The #57 was the first locomotive completely designed and built by the Hillcrest & Wahtoke Railroad Shops (later renamed Hillcrest Shops). It was out of sheer need for a workhorse to help build the first major expansion of the railroad.

Hauling the work crew in for dinner.


Ballasting the new track.


All of the drip irrigation in the new area was laid using the #57.


And this is where is all started.

An LGB model. There is an existing similar prototype in Colorado, however, it's only an 0-4-0 version.


The decision was made early on to make it a Diesel-Hydraulic powered locomotive. This would allow for flexibility in the drive system to fit the small outline of the hood, along with providing copious amounts of power and very fine control.


The frames were cut from solid slabs of steel plate.  Unlike planes or automobiles, locomotives need to be heavy. The more weight a locomotive has, the more work it can do, thus our Davenports are built with industrial grade and very thick structural steel parts. Weighing in at just over 5,500 lbs. the #57 among the heaviest 15" gauge locomotives in the USA, and it's 1,400 pounds of Tractive Effort / Draw Bar pull ranks it among the most powerful as well.


Likewise the Drive Wheels too were cut from rounds torch cut from 3" thick steel plate.


Drive wheels assembled including gearbox. One of our mantras in building this engine was "NO CHAIN DRIVE". We wanted it to be bulletproof and powerful. Chain drive would have been cheaper, but, it would have been cheaper.


The frame going together.


Time to fit up the engine and mounts.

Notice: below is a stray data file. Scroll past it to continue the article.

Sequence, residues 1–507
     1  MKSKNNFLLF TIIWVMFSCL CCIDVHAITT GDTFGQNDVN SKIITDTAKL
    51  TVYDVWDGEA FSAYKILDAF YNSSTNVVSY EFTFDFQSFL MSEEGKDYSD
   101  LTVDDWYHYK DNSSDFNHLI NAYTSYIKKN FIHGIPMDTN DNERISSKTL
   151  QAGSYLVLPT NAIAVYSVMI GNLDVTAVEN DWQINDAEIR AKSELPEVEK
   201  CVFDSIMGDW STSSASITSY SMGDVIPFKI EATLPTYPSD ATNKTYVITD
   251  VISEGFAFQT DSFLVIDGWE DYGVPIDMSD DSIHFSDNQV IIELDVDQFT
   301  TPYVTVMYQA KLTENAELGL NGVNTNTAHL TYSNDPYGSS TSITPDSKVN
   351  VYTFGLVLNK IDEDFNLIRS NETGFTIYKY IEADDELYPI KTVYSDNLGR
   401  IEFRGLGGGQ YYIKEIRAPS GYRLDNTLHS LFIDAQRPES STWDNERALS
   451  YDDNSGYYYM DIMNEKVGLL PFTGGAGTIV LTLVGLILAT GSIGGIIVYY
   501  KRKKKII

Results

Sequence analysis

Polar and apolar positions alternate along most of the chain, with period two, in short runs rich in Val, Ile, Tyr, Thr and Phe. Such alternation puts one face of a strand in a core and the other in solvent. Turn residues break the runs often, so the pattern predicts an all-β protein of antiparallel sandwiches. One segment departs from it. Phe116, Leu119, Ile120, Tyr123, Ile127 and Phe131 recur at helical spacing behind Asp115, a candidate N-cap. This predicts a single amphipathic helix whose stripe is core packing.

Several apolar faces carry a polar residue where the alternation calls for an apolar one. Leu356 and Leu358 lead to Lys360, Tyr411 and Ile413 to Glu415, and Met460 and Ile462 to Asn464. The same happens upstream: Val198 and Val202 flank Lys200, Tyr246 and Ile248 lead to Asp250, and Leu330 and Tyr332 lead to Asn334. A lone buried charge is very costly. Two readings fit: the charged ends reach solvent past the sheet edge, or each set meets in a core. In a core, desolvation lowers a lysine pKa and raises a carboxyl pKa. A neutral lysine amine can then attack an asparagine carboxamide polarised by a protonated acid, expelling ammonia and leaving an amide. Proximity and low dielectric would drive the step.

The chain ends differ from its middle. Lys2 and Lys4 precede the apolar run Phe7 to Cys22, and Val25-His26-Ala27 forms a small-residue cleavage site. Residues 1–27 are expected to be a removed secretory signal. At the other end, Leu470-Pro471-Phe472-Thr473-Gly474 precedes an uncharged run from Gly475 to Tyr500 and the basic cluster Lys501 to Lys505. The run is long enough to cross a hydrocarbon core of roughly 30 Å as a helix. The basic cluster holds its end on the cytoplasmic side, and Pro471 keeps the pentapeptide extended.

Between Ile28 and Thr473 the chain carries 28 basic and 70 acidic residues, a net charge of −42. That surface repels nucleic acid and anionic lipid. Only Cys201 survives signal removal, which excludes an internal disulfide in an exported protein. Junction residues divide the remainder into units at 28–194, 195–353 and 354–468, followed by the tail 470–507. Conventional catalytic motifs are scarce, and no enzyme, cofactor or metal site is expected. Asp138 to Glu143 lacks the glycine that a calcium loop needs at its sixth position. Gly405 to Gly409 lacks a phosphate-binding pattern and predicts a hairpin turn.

Wood and cardboard were used to mock-up the hood and cab to make sure everything was going to fit.


The first "run" was with the locomotive was with it still on the test stand. Blocks were put the frame to lift the wheels a little off of the rails so they could freely turn. The system worked great. Sometimes success deserves beer.


First test run on the rail for #57. After testing a tweaking on the stand the chassis was lowered onto the rails for it first true tests. It ran better, and faster, than expected. There's a High-Low switch as we found the "High" was much too fast for our little railroad. The cab was a little breezy though.


Testing complete the locomotive was torn apart and the painting began.


Installing the hydraulics into the painted chassis.


Anti-vibration tape was applied before the deck was put down. Not using it would have been cheaper, but, again, it would have made for a cheaper locomotive, not a quality one.


With the drive system & chassis working, the erecting of the hood and cab began.


Engine mounted onto the painted chassis.


Cleco's were used to fit and hold the sheet metal for riveting. There are NO FAKE RIVETS anywhere on the locomotive. Even the frame was hot riveted together.


Cab on working on the dashboard electronics and controls.


Final Installation of the dashboard and controls. The Throttle, brake valves and the Displacement (Forward-Reverse) lever are positioned identical to our steam locomotives so that engineers trained on the #57 can get into the cab of a steam locomotive and know instantly what's-what and how to control the locomotive. This is also a safety matter as the brake valves on all engines, steam or diesel, are identical for fast action by the engineer without having to stop and figure out which is the train brake and which is the locomotive brake.


Artisan Chris Allen volunteered to hand paint the lettering onto the cab. From 2007 to 2015 that lettering is still on the cab. Vinyl lettering would not have held up that well.


A view of the access doors open for regular maintenance. For more extensive work the whole hood can easily be removed.


The locomotive is overpowered for passenger service as it will pull every car on the railroad with the diesel engine in idle.